“He was in the world, and the world came into being through him; yet the world did not know him.” John 1:10

John the Apostle’s symbol in theology is an eagle. Eagles have superior eyesight and perception. John exhibited such perception when, hearing John the Baptist’s words, “There is the Lamb of God,” he left the Baptist and became one of the first two to follow Jesus.

When seven disciples were on Lake Tiberias after a night of empty nets, it was John who, hearing Jesus ask whether they had caught any fish, saw and exclaimed, “it is the Lord!”

How was it that John and the other disciples could see that Jesus was the Messiah? Almost all of God’s chosen people in Palestine at the time were not able to perceive His divinity. What blocked their view?

Not long ago I was looking for a new brand of laundry detergent. I looked for the bright white bottle with the name in royal blue on it. When I told an employee the detergent name, she immediately said, “here it is,” and picked up the CLEAR bottle with the bright blue detergent visible behind the RED name on the label. I had looked so carefully and so intently! I really wanted to try this wonderful new product, but it didn’t look like what I had in mind, so I couldn’t see it.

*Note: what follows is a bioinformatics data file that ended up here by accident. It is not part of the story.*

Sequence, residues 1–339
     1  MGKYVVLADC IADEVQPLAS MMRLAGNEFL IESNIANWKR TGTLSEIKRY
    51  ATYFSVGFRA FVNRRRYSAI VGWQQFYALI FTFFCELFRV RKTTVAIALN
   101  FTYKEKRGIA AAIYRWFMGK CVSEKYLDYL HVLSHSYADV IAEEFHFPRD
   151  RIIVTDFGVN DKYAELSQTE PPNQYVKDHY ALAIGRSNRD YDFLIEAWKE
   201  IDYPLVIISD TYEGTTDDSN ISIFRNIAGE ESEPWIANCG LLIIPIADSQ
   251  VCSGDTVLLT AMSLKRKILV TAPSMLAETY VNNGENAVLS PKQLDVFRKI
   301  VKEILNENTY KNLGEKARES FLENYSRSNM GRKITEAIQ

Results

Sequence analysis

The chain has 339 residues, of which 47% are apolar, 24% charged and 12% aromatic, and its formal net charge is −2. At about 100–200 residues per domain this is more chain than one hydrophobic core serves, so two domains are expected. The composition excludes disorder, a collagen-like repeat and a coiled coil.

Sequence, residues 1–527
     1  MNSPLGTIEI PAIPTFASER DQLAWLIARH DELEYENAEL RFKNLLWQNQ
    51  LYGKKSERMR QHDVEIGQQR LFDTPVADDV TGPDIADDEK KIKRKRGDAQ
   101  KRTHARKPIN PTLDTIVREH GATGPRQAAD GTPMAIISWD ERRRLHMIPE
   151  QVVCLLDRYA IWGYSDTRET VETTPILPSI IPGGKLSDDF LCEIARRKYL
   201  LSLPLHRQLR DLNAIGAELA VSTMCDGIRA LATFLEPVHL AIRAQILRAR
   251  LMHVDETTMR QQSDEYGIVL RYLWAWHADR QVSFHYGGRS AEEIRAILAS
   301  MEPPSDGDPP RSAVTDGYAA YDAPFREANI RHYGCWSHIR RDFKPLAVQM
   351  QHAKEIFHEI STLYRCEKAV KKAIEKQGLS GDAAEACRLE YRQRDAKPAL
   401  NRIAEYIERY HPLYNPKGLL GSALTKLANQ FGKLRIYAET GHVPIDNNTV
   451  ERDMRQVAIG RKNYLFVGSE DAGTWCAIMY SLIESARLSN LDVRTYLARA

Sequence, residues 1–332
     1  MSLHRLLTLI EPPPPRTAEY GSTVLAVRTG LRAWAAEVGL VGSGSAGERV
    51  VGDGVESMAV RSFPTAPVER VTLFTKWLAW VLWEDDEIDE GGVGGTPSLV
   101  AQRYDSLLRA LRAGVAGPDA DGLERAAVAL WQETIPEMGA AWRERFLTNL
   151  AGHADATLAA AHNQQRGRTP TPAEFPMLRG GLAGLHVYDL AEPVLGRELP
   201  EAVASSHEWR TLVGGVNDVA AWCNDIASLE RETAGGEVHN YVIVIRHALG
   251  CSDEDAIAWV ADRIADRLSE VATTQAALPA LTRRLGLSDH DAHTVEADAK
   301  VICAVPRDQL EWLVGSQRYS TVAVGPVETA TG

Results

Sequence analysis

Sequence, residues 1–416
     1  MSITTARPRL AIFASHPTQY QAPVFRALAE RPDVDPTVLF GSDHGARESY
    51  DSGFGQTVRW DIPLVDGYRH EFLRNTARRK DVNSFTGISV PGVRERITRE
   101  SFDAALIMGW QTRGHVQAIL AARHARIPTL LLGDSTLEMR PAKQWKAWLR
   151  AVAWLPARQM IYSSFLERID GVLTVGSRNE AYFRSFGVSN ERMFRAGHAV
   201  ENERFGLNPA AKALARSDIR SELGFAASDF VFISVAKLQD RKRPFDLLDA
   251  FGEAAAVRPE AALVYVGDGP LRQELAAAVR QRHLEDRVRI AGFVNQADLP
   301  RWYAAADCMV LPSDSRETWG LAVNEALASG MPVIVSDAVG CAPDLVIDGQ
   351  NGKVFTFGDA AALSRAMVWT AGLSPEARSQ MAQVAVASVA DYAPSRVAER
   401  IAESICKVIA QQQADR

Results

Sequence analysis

Nineteenth century English theologian Charles John Ellicott said that humans, the highest creatures in the world, “the ones with the spiritual power for seeing the True Light, ought to have recognized Christ.” He said some of us are sense-bound. Some only believe what they can see, smell, taste or hear. They have lost their spiritual perception.

Jesus, the Creator Word, lived an ordinary life; not one of pomp, ceremony, or military power. Most of the people who could have been blessed, as only He could bless them, were looking for someone completely different, so his divinity was imperceptible to them.

So how do we come to see Jesus for who He is? By opening our spiritual eyes and saying yes to His way of love.

O, come let us see and adore him!

Judyth White and husband Joe have been members of First Baptist since June of 1974. They are members of the Covenant Sunday school class. They have 2 daughters and 5 grandchildren, separated by the distance from northern Virginia to northern California.